Private Jim Freeman

Born in London, England, Jim Freeman emmigrated to Canada with his family in 1907, settling in Tweed, Ontario. Before the war Jim worked as a fireman for the railway. He joined the C.E.F. in Peterborough, Ontario on January 2, 1916.

First assigned to the 235th Battalion, Jim was transferred to the 4th Canadian Machine gun corps while in France. He survived the fighting well, until the battle of Amiens.

Jim was wounded on August 8th, 1918 while fighting in the battle of Amiens. He was shot in the wrist while manning his Vickers machine gun. His younger brother Private Henry (Harry) Freeman was wounded on the same day. After stints in military hospitals in Abbeville and Cayeux, Jim rejoined his unit on September 10th,1918.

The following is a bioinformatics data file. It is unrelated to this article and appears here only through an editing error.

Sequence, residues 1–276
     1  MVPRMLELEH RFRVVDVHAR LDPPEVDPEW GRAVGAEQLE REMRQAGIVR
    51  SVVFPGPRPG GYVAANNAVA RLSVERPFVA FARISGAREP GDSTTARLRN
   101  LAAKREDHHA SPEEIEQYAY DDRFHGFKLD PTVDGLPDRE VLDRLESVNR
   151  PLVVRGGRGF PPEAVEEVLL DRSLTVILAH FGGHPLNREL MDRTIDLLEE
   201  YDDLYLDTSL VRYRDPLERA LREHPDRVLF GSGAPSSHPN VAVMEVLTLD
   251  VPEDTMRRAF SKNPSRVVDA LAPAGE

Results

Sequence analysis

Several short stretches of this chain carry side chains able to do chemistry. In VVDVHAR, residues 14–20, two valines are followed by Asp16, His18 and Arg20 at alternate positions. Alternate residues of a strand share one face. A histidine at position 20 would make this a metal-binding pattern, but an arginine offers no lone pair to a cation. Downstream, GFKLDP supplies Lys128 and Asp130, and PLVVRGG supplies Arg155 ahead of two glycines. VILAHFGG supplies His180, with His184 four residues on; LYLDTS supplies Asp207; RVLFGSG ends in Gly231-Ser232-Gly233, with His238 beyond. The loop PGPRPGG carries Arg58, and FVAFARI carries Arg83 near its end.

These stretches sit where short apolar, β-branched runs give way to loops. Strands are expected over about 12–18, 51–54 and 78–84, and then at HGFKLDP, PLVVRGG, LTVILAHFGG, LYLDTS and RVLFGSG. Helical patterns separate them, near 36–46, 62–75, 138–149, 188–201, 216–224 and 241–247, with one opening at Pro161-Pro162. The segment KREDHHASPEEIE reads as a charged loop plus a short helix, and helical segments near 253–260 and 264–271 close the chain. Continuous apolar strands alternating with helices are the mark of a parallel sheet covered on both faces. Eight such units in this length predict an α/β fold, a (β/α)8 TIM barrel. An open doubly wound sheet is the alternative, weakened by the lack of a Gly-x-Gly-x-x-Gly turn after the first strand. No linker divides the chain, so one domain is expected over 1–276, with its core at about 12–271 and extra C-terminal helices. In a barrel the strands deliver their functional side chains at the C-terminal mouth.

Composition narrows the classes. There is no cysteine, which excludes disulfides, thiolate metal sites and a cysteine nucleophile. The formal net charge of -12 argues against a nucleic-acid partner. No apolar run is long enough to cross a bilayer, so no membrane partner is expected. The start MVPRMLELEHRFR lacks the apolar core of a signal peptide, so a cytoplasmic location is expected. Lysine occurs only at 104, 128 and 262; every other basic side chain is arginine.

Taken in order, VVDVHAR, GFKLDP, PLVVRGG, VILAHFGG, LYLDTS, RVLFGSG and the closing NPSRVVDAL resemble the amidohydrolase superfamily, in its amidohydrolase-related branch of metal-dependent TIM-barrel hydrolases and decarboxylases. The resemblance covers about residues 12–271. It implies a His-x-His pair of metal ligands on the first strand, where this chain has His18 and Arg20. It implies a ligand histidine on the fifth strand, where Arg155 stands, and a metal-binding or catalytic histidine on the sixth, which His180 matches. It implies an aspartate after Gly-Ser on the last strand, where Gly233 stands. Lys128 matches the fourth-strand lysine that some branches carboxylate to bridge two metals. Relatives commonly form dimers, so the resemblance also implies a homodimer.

After the war Jim spent time in Belgium, before sailing home on the H.M.T Olympic. He arrived in Halifax on June 12, 1919 and was demobalized in Kingston on June 16th, 1919.

Settling in Kingston with his wife and daughter, Jim became a prison guard at the Kingston Pennitentiary. He seldom spoke about the war -- Jim Freeman died in 1974.

This account was contributed by Jim Freeman's great nephew Lance Hogle.

 
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